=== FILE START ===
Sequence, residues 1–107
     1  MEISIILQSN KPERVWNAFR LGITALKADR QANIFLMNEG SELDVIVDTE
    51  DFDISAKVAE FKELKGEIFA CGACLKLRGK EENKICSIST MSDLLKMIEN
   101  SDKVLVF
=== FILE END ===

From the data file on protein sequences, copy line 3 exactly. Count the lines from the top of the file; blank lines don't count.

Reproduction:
    51  DFDISAKVAE FKELKGEIFA CGACLKLRGK EENKICSIST MSDLLKMIEN